So... The fact that we are limited to needing a few VEP instances instead of being able to have one huge one...its a limitaiton yes, but its not the end of the world, its still very usable. A lot of Logic/VEP users are even content to literally have one VEP instance for every instrument for various reasons they prefer! I am not one of those people. But half a dozen VEP instances is not only very manageable, but in some cases it can be a better way to work because you can submix each VEP instance per section and lots of times its actually quite a bit easier to work that way, mix the sections in VEP rather then bringing every channel back to Logic to mix it there, especially if you are combining it with MirPro. When you need to isolate one of the channels in Logic, its not that hard to send that channel to different outs in VEP and bring it into and AUX channel in Logic for whatever processing you want to do in Logic.
The multi-port macro that I fixed does actually work pretty darn well, I would not categorize it as "not fully functional". Logic is however limited in that it can't process too many simultaneous midi events through any one instrument channel at a time. It tends to choke on it, regardless of whether you are using the environment macro or not..that is the case. Maybe Apple will fix that limitation someday and its definitely a limitation, but its also not really a deal breaker, just use half a dozen VEP instances and in my experience it works fine.
You can even divide up a project into maybe 7-10 VEP instances, and not use the enviornment macro at all..don't use different ports...just 16 midi channels per VEP instance. That also works perfectly fine and can support a large orchestral mixdown without problem.
where people usually want to have more multi-port capability is when trying to create huge templates with 500 or a thousand armed and ready instrument channels/tracks ready to record to as inspiration strikes. And truthfully Logic is not well suited for that workflow for several different reasons, both DP and Cubase are better suited for it, but still...it is very well possible with the multi-port template (my version) to set up ginormous templates, I provided there a template ready for 768 tracks already setup for you, go try it. It works fine! You just can't actually sequence too many midi events simultaneously through any one VEP instance or Logic will choke on it. But usually that is not what you do with a large template. You ahve 1000 tracks armed and ready and then you use maybe 100 of them for any given project and at any given instant there might be a few dozen actually playing at the same time.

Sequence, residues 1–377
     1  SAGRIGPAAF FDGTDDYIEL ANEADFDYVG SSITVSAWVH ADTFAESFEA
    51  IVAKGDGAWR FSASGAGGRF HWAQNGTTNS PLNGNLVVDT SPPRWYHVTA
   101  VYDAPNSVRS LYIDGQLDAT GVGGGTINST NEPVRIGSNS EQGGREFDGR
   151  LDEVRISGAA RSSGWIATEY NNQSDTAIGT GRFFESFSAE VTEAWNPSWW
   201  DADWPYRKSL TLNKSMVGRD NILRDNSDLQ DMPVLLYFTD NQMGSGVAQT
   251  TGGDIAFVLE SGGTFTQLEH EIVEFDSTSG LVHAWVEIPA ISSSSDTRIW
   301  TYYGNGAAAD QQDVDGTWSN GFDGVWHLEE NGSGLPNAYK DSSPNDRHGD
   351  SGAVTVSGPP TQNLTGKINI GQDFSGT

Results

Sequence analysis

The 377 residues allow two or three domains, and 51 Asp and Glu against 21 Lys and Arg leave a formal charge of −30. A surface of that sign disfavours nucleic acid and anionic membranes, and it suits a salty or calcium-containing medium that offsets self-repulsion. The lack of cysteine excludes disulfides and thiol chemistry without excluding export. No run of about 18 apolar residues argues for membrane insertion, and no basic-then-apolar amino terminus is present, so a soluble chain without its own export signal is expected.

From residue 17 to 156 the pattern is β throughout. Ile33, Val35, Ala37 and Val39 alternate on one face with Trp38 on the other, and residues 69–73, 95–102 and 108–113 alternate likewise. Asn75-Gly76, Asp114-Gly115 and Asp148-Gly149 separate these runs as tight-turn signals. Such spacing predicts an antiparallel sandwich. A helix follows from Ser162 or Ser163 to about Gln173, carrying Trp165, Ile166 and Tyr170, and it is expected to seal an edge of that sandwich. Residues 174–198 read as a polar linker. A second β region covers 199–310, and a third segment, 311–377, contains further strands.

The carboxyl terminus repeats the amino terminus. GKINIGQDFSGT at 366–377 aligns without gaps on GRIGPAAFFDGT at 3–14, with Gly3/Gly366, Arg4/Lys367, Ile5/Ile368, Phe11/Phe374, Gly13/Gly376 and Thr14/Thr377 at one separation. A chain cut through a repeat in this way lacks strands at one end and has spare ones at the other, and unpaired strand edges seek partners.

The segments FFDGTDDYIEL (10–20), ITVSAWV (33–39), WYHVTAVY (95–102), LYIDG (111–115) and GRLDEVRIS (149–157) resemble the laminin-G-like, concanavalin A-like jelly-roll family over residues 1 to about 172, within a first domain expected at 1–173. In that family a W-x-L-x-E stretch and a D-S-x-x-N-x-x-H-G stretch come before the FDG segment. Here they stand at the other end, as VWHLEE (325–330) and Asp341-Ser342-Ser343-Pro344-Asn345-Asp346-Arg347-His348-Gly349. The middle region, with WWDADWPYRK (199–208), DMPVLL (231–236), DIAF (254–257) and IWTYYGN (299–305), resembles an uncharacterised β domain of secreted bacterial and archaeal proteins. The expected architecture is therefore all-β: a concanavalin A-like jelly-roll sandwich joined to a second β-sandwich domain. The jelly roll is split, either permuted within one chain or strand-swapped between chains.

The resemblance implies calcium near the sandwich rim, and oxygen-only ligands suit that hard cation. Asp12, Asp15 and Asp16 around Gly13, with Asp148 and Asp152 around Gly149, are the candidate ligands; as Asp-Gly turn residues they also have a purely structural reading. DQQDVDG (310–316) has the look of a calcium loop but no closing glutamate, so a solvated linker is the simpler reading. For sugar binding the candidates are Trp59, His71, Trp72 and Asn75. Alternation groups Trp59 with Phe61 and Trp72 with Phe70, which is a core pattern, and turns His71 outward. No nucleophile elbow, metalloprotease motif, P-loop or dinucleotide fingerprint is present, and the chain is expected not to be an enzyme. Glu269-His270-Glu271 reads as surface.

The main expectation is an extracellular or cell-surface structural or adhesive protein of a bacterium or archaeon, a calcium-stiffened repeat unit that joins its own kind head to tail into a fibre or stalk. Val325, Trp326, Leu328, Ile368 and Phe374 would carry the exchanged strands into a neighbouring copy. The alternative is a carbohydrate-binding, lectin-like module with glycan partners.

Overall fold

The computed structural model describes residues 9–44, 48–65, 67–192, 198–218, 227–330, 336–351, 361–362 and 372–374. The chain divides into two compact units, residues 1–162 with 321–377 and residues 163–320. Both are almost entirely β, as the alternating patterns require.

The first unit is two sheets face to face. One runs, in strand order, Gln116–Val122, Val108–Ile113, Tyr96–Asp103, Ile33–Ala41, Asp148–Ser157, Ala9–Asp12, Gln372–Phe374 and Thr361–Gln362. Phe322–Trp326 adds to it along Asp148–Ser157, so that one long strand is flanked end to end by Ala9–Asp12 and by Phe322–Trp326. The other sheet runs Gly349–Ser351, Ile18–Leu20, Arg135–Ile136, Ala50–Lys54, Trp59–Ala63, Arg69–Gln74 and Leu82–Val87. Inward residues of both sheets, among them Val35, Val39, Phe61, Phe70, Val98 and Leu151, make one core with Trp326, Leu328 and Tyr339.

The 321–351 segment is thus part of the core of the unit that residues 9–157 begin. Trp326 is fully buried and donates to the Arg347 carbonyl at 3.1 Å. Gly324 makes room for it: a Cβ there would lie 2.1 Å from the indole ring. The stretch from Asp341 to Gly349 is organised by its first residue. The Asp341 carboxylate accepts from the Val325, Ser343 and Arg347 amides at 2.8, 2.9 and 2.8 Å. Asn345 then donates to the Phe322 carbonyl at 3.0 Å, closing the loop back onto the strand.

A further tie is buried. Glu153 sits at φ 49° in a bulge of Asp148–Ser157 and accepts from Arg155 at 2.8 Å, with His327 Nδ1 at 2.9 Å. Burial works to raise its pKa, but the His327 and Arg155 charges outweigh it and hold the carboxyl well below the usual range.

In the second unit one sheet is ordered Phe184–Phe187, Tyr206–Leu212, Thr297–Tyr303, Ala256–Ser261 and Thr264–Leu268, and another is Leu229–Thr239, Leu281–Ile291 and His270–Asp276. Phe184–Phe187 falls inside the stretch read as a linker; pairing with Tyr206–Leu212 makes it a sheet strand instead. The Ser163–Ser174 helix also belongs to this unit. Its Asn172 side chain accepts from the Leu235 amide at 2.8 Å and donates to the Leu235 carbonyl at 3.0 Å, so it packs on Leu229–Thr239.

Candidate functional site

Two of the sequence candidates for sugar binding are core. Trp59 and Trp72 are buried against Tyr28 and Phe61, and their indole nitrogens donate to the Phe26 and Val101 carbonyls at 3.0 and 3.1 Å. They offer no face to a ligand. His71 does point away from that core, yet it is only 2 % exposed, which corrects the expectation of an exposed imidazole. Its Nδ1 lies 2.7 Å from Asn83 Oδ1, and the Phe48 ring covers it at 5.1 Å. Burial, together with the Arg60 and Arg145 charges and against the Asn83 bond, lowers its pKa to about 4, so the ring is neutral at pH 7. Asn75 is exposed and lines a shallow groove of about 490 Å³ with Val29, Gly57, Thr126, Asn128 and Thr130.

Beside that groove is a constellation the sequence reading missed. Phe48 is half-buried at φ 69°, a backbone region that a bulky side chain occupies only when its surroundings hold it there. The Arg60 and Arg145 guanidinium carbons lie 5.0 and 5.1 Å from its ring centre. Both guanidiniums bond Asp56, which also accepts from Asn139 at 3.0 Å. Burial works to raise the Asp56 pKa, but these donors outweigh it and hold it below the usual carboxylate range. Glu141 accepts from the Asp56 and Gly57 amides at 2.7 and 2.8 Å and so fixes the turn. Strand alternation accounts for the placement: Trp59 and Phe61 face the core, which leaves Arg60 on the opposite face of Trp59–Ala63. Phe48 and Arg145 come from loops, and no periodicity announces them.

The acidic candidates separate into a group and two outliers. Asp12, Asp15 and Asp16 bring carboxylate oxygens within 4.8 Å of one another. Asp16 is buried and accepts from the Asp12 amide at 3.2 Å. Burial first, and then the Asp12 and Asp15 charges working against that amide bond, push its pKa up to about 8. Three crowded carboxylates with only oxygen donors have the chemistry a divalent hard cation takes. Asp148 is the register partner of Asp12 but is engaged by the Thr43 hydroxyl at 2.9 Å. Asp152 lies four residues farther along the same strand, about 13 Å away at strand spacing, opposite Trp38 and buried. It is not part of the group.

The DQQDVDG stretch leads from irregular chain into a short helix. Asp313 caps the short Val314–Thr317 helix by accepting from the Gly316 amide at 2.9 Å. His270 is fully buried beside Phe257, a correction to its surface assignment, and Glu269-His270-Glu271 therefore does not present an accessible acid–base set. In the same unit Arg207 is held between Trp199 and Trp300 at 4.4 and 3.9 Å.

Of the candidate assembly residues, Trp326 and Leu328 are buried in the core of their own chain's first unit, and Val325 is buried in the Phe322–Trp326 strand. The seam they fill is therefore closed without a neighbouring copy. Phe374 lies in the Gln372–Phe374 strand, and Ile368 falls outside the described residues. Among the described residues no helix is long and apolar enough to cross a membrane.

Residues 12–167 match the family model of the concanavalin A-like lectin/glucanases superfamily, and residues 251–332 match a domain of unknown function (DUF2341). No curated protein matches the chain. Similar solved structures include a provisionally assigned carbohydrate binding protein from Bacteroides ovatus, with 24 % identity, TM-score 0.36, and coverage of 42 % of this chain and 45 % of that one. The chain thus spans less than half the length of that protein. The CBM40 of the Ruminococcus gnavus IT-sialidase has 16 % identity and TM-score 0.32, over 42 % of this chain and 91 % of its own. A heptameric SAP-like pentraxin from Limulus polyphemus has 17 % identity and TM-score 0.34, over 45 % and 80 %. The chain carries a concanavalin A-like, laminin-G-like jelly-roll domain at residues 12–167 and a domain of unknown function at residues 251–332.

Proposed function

To be fair, DP has other interesting benefits over the competition also, some of the best tools for film hitpoint calculation, for example, streamers, punches, etc.. The whole chunks feature is great for multiple CUES in one project file and V-racks are useful, though less relevant if you're using VEP. Some other nice featuers too, but for me ultimately, its entirely limited in terms of articulation management and has some other peculiarities that have driven me crazy for years and make LogicPro a breath of fresh air to work with.
I am just learning Cubase, and it has its own advantages as well, though for me personally, it is still falling behind LogicPro for orch work because of the articulation management issue. Cubase at least is very trivial to have thousand track templates.
These are just my own thoughts, everyone will have their own...we can go round and round like countless internet threads talking about why we like one vs the other. They all have some pros and cons. Pick the one you like the most and just figure it out. If you like DP or Cubase, then great! Use it! However, Logic should not be dismissed entirely..it can also function entirely well and many people out there are using it in a professional film scoring capacity quite well for various reasons that is what they choose...even without the AU3 plugin which VSL has been talking about literally for years. I'm sure that will be released some day, but until then...you gotta make due with what is there now.
The multi-port macro that I fixed does actually work pretty darn well, I would not categorize it as "not fully functional".
Please, excuse me if it sounded I was criticising your environment. I cannot talk about something I haven't tried. Bear in mind English is not my mother tongue so maybe I didn't explain myself properly. I do apologize.
I was talking about the one provided by VSL which, even though is good, is not as useable as other workarounds.
I've been korking with Logic since version 3 and I used to love that program. However every update I've installed seems more focused on EDM and other type of music more than film composing, where DP shines, at least to me. Don't misunderstand me. I've done quite a few film scores with Logic and was able over the years to accomodate it to my workflow. If the VST3 issue were resolved before, I'd still be composing with Logic.
No DAW is perfect. It's juts a matter of enjoying their goods and stand their bads
You report that you set up large multitrack multiport templates in Logic Pro using VEP.
I tried this using the VSL supplied multiport template but it only records audio. I need to record the midi itself so I can edit using the piano roll.